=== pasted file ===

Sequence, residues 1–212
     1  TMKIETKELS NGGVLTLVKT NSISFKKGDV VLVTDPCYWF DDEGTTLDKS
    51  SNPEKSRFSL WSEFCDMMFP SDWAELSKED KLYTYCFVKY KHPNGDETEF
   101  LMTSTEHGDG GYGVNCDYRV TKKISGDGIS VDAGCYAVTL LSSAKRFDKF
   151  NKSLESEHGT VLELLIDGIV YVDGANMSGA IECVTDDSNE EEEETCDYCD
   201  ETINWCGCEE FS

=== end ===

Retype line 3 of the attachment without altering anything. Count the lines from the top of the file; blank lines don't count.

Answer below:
    51  SNPEKSRFSL WSEFCDMMFP SDWAELSKED KLYTYCFVKY KHPNGDETEF